Thunderbolt: the Empire Music song. The beginning of "Thunderbolt"'s chorus isn't quite as melodic as that of other songs, but it's still a fun song (and it basically has an A chorus and a B chorus anyway), as well as also one of the dancier ones.

That was kind of ridiculously uninformative and poorly descriptive. I'll try to actually do a proper write-up when I have more time. My general comment would be that the sound here is generally more...middle of the road? That's not the right phrase (especially since it comes with a negative connotation), but I wouldn't say you're getting anything edgy or abrasive for most of the album. On the one hand, I'm much more satisfied with it than I was with Fabricator, so it's won at least one fan who was beginning to feel a bit alienated back. On the other hand, I can see it losing them the people who really go in for the harder electro sounds as well as not winning back people who loved Prototype but not much more. I feel really pleased with it, though: I'll admit their experimentation with other genres (see "Love Came Crashing Down" and "Burning Down The House," for example) isn't my preference, but there is enough here of electronic pop BWO--and, more importantly, good electronic pop BWO--that I feel satisfied.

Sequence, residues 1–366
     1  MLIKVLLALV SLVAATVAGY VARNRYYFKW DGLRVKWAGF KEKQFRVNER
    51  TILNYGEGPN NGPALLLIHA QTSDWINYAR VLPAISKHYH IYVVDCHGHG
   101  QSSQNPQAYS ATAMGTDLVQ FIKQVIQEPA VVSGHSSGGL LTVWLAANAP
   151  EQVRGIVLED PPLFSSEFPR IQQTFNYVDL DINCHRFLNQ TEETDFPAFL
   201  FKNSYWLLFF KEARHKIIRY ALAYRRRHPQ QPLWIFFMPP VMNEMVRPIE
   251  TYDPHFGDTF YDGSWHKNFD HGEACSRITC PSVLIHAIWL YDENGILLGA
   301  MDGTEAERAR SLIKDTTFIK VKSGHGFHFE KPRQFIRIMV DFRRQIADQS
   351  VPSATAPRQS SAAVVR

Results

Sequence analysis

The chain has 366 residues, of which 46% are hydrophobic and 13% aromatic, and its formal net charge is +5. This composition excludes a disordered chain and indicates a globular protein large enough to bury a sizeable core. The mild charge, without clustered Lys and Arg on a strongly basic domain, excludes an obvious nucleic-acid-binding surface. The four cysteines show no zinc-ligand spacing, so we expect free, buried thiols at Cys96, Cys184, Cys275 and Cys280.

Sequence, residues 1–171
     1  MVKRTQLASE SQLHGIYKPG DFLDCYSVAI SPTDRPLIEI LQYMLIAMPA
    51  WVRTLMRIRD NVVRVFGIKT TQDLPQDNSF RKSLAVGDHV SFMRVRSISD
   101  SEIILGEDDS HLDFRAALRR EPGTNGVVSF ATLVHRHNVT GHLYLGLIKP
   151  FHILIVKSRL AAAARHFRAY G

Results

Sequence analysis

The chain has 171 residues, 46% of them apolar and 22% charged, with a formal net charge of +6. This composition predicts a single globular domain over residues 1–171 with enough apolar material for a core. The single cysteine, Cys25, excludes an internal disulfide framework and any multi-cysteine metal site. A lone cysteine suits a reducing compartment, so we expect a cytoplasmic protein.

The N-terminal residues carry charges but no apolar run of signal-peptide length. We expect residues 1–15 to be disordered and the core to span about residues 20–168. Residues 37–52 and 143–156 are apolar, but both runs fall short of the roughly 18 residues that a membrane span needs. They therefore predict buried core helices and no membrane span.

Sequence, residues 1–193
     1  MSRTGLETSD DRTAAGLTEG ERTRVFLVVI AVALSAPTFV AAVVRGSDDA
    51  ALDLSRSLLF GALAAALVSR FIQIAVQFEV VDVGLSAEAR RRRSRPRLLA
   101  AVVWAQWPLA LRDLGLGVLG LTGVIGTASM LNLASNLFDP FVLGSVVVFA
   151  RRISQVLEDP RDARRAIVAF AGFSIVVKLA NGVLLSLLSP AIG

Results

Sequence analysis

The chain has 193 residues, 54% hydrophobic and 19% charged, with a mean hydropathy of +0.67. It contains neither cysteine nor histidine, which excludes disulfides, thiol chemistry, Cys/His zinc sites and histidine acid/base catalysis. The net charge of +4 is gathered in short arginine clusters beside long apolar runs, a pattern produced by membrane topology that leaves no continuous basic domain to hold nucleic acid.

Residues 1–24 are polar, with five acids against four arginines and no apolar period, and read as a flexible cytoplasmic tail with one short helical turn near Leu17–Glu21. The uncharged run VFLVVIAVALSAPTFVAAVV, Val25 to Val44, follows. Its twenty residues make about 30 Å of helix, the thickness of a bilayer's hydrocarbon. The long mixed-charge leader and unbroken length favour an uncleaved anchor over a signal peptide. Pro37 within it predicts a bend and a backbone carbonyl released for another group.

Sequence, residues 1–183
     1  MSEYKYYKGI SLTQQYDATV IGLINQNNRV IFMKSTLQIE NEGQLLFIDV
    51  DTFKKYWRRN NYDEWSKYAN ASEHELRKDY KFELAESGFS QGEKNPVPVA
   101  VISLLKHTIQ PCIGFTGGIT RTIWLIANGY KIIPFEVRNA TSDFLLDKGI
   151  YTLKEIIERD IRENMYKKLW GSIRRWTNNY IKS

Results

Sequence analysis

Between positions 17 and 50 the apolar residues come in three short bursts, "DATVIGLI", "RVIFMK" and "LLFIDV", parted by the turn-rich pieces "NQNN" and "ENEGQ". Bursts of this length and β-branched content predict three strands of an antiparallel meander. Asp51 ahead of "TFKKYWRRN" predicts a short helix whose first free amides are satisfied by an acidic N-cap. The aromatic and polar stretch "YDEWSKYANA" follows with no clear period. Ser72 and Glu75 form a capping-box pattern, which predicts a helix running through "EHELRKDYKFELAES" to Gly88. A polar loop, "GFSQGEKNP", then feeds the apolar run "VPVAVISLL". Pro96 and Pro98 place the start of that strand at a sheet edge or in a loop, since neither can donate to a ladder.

Buy BWO's new album, Big Science, here (physical).

Next up: maybe something about Måns. Or Erik. Or Lily. Or not.


John said...

Somewhere along the line when life slows down a bit, I'm gonna check out BWO. In the meantime, that JMac track is okay, but maybe it needs to grow on me, too. You've got it right on where his sweet spot is musically.

Aaron said...

I'm not so big on BWO - take it or leave it mostly - but great comments. I'm not sure whether I will give the album a listen though...

It'll be interesting to see if Jessie ever will match the success of Beautiful Soul ever again, but it'll never stop him trying seemingly!

Paul said...

i am totally with you on the JMac track. I am hoping that the new rerelease of Departure will reawaken my interest in that cd - perhaps with new tracks i can compile my own standard length cd version of it (if that makes sense)

And BWO - wow. i mean i think i am a bit biased but i really like the album a lot and think it's going to be one of my top albums of the year (though the year is early). It's no secret that i think - along with girls aloud - they are one of the most consistent pop groups of the new millenium. Bonza

Poster Girl said...

John, if I was trying to convince someone to listen to BWO or Jesse, these wouldn't be my starting points, for sure. I do think BWO's "Right Here, Right Now" is maybe the best introduction to them on this album, but I think general consensus is their first album is great and the place to start with them...whenever you have time. The lead single for this latest album isn't very good, in my opinion, but the album is much better than it, luckily.

"Beautiful Soul" = perfect pop song. I know it's easy to criticize it for the lyrics, but it's such a sunny poppy song that it's hard to believe it's American-made!

Paul, absolutely! I'm hoping to be able to do the same. It's great you're thrilled with the new BWO album! :D